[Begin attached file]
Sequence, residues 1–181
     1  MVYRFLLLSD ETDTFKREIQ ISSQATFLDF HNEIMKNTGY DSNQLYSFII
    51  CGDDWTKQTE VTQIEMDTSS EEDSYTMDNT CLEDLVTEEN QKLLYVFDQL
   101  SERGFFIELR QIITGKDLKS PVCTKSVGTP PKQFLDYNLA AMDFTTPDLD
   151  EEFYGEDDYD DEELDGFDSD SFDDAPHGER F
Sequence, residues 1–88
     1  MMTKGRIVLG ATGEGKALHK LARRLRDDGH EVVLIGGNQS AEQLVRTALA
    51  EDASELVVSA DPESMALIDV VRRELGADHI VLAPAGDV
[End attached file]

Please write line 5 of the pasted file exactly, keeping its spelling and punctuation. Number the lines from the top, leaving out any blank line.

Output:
   151  EEFYGEDDYD DEELDGFDSD SFDDAPHGER F